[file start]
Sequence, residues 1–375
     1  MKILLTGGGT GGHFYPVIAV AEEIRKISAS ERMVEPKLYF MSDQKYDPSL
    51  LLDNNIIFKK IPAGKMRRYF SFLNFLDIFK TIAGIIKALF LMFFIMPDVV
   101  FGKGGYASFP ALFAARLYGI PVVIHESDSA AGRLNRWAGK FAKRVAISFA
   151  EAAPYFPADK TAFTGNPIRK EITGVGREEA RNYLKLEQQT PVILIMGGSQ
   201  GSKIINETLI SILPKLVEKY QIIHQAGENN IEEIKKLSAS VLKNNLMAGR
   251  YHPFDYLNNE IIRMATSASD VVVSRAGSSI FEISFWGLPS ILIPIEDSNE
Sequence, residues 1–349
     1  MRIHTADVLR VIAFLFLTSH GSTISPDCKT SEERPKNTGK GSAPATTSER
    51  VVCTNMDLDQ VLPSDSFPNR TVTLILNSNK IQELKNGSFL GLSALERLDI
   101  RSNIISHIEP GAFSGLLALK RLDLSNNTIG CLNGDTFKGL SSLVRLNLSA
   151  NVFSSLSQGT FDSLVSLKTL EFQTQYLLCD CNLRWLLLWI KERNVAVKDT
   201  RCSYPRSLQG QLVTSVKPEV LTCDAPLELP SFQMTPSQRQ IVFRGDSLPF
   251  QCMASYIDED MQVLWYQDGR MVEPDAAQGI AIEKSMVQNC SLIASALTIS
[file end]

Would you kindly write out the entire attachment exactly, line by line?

Sequence, residues 1–375
     1  MKILLTGGGT GGHFYPVIAV AEEIRKISAS ERMVEPKLYF MSDQKYDPSL
    51  LLDNNIIFKK IPAGKMRRYF SFLNFLDIFK TIAGIIKALF LMFFIMPDVV
   101  FGKGGYASFP ALFAARLYGI PVVIHESDSA AGRLNRWAGK FAKRVAISFA
   151  EAAPYFPADK TAFTGNPIRK EITGVGREEA RNYLKLEQQT PVILIMGGSQ
   201  GSKIINETLI SILPKLVEKY QIIHQAGENN IEEIKKLSAS VLKNNLMAGR
   251  YHPFDYLNNE IIRMATSASD VVVSRAGSSI FEISFWGLPS ILIPIEDSNE
Sequence, residues 1–349
     1  MRIHTADVLR VIAFLFLTSH GSTISPDCKT SEERPKNTGK GSAPATTSER
    51  VVCTNMDLDQ VLPSDSFPNR TVTLILNSNK IQELKNGSFL GLSALERLDI
   101  RSNIISHIEP GAFSGLLALK RLDLSNNTIG CLNGDTFKGL SSLVRLNLSA
   151  NVFSSLSQGT FDSLVSLKTL EFQTQYLLCD CNLRWLLLWI KERNVAVKDT
   201  RCSYPRSLQG QLVTSVKPEV LTCDAPLELP SFQMTPSQRQ IVFRGDSLPF
   251  QCMASYIDED MQVLWYQDGR MVEPDAAQGI AIEKSMVQNC SLIASALTIS